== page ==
Yet, we didn’t slow down. We kicked it up faster in our multitasking. It was like we were distracting ourselves from the inevitable. If we could only do more, or run faster from these self-awareness moments, we wouldn’t have to face growing up. Emotionally maturing. Or, learning about the deeper nuances regarding intimate relationships.
In time, things started proving too much for us; bickering replaced humor. Demands replaced asking. Being in such close proximity began to wear on us. On me.
“I need space.”
Understandably, these three little words are right up there with “I love you”, “I am sorry”, and “I fucked up.”
Because these four phrases are about self-disclosure and emotional connection, they can trigger vulnerability; self-preservation mode may kick in and we can start backpedaling.
When we hear “I love you”, our guard can go up. When we hear “I am sorry”, we may question the person’s sincerity or their agenda. When we hear “I fucked up”, we may jump right to Final Jeopardy that we got cheated on.
And when we hear “I need space”, we’re probably thinking our relationship is over.
In all fairness, I’ve yet to meet anyone who said they needed space in a relationship when everything was smooth sailing. It’s said during times of stress. Uncertainty. When a partner violates relationship boundaries. Or, when the same argument is on repeat.
The space I needed wasn’t just from a relationship that was deeply important to me. I needed space from life, from childhood pain, from mountains of schoolwork, from feeling unable to breathe, unable to move.
I needed space to become…me.
The irony (or not), is that in my inexperience back then in dealing with matters of the heart and in having only limited self-awareness, I got tongue-tied.
Asking for space didn’t come out right. I mean, does it ever? It sounded angry, overwhelmed, and anxious. And, I spewed it out by telling my partner to move out.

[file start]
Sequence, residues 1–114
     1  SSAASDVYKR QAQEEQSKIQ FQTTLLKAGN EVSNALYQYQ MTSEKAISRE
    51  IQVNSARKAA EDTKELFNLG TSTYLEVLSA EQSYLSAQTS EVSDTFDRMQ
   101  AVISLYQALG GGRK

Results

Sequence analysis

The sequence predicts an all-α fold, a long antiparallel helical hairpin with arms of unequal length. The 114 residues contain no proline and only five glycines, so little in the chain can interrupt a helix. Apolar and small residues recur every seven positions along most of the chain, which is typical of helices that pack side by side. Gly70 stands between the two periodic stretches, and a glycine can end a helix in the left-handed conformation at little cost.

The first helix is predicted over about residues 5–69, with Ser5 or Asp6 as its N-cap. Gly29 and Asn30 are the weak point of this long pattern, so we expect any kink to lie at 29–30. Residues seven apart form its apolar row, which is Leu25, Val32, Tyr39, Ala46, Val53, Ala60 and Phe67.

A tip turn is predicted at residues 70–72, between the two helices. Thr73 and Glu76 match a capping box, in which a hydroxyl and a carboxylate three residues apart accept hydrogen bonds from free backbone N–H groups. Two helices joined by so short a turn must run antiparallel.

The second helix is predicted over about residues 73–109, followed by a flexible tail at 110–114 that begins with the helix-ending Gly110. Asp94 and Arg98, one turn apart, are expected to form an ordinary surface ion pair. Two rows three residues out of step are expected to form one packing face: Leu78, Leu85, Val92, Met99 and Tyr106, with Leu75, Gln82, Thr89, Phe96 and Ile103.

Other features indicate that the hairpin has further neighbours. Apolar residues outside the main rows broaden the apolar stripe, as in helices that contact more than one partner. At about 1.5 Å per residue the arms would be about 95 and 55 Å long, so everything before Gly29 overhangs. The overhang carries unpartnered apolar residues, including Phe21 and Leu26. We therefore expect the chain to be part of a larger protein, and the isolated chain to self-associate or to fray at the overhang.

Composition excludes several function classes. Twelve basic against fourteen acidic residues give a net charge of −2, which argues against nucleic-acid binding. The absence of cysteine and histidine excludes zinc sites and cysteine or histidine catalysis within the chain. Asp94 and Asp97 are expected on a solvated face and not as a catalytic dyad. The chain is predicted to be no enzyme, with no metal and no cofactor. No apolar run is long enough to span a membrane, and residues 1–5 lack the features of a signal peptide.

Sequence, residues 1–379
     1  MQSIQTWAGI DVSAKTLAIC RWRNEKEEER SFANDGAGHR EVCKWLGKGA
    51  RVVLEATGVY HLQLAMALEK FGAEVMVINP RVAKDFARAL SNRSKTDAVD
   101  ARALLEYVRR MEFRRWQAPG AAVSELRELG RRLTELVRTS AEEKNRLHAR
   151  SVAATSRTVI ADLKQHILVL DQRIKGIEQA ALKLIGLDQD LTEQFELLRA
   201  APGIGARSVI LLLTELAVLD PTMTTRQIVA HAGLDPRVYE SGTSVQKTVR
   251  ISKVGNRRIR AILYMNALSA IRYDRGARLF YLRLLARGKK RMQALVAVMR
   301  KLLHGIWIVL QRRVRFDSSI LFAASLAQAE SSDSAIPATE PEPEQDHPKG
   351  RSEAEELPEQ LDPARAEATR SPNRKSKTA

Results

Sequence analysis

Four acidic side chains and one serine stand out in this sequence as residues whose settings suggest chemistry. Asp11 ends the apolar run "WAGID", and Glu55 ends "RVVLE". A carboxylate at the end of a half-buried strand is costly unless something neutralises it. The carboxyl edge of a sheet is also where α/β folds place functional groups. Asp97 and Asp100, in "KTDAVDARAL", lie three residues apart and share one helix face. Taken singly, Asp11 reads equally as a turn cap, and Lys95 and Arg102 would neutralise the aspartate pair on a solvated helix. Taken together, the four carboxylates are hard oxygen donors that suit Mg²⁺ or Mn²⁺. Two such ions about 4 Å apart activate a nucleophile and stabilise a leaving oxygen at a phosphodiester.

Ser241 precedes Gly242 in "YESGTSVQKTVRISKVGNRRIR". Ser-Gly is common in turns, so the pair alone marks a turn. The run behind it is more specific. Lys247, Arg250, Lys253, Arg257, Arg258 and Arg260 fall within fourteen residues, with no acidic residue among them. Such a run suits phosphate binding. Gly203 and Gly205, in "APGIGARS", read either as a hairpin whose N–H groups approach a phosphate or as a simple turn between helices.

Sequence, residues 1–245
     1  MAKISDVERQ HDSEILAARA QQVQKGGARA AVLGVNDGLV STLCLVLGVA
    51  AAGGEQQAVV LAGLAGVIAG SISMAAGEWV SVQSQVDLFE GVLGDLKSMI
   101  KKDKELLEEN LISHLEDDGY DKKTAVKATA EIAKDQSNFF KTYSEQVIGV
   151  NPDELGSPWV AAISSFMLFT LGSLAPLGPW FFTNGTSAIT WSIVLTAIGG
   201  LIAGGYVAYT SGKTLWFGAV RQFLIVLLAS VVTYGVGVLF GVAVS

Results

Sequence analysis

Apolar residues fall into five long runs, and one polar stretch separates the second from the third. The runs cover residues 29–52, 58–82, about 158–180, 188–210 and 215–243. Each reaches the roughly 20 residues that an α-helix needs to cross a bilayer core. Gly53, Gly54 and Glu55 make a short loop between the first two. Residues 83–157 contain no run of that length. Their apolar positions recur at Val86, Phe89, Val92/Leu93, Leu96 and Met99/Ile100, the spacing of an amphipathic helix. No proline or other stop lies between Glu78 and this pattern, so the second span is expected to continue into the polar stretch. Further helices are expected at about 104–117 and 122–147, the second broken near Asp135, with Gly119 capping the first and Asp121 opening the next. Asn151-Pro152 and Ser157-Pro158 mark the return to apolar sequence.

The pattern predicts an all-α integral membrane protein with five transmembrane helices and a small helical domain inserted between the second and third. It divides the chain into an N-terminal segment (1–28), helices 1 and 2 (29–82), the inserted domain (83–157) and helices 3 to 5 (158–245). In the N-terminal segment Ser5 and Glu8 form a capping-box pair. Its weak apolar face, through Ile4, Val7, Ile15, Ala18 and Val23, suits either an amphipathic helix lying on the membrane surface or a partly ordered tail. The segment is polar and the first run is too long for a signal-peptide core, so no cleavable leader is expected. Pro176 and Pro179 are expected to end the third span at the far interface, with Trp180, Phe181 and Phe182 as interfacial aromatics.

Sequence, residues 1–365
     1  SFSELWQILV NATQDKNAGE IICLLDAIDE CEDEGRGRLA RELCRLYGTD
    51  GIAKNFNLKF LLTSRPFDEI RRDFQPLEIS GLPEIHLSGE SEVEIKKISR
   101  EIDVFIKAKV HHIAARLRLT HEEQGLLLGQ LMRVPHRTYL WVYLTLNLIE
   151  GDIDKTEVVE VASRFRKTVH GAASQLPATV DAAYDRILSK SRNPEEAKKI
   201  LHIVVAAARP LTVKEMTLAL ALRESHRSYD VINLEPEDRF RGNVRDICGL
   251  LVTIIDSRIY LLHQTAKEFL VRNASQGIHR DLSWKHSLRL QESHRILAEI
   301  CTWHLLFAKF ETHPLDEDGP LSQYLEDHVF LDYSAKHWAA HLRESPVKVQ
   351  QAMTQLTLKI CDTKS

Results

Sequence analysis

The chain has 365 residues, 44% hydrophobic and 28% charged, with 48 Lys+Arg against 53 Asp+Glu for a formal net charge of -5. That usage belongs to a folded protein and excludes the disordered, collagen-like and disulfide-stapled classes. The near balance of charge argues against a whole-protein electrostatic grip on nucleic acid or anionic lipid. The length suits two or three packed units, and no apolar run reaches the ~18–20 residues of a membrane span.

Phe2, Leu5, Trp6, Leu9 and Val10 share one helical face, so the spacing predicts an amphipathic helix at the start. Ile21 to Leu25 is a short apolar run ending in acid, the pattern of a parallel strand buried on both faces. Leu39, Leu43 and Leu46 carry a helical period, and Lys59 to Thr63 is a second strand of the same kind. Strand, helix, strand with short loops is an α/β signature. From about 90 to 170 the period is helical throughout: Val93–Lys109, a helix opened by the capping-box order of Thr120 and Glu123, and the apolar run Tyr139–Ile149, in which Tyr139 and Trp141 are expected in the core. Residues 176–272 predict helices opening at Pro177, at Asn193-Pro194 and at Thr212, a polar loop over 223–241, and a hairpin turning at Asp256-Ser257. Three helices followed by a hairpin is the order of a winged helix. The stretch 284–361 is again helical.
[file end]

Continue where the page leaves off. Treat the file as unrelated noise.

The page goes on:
If we’re lucky, the Universe smiles on us and lets us know we passed her lessons with flying colors.
While the goal of all of our relationships is to grow together, it doesn’t always happen this way. And, the Universe doesn’t always smile at the end of the lesson. Sometimes, she asks us what we learned from the experience, ideally so we don’t repeat it. Here is where we learn the “why’s” in what the lesson was, so we can carry it with us.
Other times, her hope is that we learned a little finesse to soften the blow if we find ourselves in a similar situation again.
Could I have handled things differently? Of course. And, they could have, too.
But, the thing is, we can’t know or master these lessons until we’ve experienced them. And, to experience lessons of the heart, they have to hit us in our heartspace. Here is where we learn the “how’s” of the lesson for our own growth.
Try if we may to use reason or logic, it doesn’t work like that.
We need to feel the lesson, for it to become part of us.
We need to feel the awareness and the pain it can bring, that by choosing to keep our promises to some, we may lose others.
We need to experience, and sometimes relive the memories that haunt us. This is where self-compassion is gained.
Sure, I know I fucked up. They did, too. I could have softened the blow in asking for space; they could have stuck around believing that the space I needed was to grow, to mature, to learn self-compassion while becoming a better partner.
Yet, we’re only as capable of insight into our situation and self-reflection as we allow ourselves to be, and based on where we are in our personal growth.
”The further along you get, the lonelier it can get.”
I now understand what my mentor was trying to teach me all those years ago..
This post was previously published on Medium.
You Might Also Like These From The Good Men Project
|Compliments Men Want to Hear More Often||Relationships Aren’t Easy, But They’re Worth It||The One Thing Men Want More Than Sex||..A Man’s Kiss Tells You Everything|
Join The Good Men Project as a Premium Member today.
All Premium Members get to view The Good Men Project with NO ADS.
A $50 annual membership gives you an all access pass. You can be a part of every call, group, class and community.
A $25 annual membership gives you access to one class, one Social Interest group and our online communities.
A $12 annual membership gives you access to our Friday calls with the publisher, our online community.
Register New Account
Need more info? A complete list of benefits is here.
Photo credit: Shutterstock